Asked by: Chris Nicolson, Isle of Skye
It depends on how you shuffle them and the cards’ order when you start. If you truly randomise the deck, the chances of the cards ending up in perfect order – spades, then hearts, diamonds and clubs – are around 1 in 10 to the power 68 (or 1 followed by 68 zeros). That’s a huge number, roughly equal to the number of atoms in our galaxy.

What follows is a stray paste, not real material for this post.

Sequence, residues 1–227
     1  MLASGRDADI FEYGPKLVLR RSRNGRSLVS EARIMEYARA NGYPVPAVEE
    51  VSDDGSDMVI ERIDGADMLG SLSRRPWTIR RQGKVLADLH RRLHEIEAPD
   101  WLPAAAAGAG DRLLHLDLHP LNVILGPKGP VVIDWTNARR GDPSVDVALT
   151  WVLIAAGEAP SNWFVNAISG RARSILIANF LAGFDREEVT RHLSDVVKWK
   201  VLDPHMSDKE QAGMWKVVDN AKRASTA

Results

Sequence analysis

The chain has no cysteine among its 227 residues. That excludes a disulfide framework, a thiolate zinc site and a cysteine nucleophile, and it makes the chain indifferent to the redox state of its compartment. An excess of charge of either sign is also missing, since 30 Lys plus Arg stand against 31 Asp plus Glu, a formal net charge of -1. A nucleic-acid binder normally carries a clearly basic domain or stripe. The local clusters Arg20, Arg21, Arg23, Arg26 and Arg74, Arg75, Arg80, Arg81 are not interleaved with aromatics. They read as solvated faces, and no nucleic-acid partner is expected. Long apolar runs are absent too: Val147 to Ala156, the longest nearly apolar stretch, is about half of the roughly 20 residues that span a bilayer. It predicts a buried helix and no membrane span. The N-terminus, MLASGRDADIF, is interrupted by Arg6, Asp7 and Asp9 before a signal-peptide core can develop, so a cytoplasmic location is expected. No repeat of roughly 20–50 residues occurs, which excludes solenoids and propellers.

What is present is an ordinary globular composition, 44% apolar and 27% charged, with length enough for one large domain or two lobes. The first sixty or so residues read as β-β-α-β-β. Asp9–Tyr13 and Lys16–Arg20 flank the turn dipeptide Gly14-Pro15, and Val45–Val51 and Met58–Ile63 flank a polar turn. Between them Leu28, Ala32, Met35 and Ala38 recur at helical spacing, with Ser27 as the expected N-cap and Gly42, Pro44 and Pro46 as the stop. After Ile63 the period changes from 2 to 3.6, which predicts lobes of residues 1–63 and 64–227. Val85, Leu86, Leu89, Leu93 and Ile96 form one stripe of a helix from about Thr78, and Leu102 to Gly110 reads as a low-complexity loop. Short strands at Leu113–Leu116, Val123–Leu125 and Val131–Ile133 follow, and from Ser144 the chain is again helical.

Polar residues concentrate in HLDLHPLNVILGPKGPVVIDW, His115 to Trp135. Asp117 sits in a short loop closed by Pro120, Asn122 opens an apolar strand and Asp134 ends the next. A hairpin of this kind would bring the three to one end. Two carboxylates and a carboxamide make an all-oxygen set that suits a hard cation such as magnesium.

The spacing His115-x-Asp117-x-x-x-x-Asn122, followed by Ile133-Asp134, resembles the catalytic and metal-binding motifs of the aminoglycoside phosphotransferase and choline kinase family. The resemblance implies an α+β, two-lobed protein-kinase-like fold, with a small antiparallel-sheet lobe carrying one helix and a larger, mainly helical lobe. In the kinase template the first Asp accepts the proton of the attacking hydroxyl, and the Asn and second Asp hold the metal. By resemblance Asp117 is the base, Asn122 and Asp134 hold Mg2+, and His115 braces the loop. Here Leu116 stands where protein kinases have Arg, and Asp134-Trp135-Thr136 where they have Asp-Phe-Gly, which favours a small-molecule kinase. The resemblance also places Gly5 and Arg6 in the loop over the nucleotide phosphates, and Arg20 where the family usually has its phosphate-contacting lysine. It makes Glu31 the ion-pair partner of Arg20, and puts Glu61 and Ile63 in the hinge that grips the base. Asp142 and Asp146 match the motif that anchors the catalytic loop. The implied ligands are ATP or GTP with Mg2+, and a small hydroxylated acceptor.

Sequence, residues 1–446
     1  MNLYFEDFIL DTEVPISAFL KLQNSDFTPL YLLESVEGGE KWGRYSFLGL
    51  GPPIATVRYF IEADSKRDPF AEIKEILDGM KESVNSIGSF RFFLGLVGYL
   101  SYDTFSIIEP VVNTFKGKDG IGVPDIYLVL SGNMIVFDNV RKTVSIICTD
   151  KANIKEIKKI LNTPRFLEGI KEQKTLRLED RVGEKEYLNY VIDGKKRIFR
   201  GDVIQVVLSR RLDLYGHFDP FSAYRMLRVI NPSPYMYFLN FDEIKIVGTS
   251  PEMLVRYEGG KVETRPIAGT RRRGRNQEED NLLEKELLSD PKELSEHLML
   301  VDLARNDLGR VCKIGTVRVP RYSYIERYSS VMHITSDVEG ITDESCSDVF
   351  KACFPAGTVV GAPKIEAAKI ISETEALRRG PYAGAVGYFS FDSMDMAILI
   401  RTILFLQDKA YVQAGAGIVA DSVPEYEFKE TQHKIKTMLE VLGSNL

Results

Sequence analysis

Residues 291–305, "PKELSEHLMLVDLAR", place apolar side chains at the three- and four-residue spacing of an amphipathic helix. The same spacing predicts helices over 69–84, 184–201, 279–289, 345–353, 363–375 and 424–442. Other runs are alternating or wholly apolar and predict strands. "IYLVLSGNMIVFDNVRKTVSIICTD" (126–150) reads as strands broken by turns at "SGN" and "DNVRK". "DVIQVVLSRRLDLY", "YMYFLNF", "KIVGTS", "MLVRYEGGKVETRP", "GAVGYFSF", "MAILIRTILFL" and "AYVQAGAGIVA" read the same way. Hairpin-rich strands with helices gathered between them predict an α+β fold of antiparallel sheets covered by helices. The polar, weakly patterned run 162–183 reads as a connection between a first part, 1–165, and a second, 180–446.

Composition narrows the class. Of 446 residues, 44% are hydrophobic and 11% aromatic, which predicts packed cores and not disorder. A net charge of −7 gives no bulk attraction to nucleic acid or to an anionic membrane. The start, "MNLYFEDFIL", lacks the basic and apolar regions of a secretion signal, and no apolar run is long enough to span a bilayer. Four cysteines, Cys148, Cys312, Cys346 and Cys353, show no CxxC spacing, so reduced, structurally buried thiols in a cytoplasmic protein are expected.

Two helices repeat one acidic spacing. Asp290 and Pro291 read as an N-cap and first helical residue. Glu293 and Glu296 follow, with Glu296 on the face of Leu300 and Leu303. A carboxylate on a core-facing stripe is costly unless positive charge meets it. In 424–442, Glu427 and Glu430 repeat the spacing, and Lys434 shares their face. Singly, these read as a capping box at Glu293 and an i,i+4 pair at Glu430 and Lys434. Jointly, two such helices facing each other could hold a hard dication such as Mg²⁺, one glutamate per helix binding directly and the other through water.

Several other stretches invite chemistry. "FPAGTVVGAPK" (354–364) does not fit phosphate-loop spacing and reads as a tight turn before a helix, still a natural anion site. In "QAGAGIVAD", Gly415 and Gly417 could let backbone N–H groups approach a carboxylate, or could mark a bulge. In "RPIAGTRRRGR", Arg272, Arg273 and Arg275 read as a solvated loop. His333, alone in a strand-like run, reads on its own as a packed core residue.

Yet card players report it happening. The reason is fresh packs of cards come in perfect order and if they’re not shuffled well, can end up back in order. For example, if a dealer riffle shuffles a fresh pack – splitting the deck in two and interleaving the cards together – the pack can end up back where it was after just eight shuffles.
Thus, paradoxically, people who aren’t very good at shuffling can do a better job of jumbling a pack than those who are.
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